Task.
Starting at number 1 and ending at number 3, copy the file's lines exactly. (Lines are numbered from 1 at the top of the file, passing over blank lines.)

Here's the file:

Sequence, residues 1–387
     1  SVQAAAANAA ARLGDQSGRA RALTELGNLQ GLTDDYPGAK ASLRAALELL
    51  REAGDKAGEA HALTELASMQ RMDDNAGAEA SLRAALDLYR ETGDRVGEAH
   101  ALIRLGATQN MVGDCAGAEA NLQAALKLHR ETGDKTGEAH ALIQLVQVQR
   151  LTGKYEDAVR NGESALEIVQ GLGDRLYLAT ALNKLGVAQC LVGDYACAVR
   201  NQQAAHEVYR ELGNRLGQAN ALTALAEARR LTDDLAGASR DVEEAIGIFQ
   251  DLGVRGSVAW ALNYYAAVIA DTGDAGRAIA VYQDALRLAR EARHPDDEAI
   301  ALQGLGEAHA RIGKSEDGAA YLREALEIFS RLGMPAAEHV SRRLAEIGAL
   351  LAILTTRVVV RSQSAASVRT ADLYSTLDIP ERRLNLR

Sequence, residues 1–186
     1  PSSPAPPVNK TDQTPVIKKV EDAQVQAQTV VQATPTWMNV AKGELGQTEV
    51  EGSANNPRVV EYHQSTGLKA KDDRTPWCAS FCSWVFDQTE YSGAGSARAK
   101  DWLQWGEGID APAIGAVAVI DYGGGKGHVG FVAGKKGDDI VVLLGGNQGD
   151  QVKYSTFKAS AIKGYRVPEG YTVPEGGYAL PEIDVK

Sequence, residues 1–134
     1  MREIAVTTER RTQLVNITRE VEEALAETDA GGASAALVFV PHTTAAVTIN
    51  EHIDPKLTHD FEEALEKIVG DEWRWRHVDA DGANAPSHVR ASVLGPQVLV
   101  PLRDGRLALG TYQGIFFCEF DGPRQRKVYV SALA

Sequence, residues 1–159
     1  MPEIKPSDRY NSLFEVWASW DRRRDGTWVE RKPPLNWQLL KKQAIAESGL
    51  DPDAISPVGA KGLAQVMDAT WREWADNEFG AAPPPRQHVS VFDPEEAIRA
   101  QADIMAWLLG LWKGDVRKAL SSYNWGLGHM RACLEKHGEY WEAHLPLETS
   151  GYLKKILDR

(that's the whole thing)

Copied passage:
Sequence, residues 1–387
     1  SVQAAAANAA ARLGDQSGRA RALTELGNLQ GLTDDYPGAK ASLRAALELL
    51  REAGDKAGEA HALTELASMQ RMDDNAGAEA SLRAALDLYR ETGDRVGEAH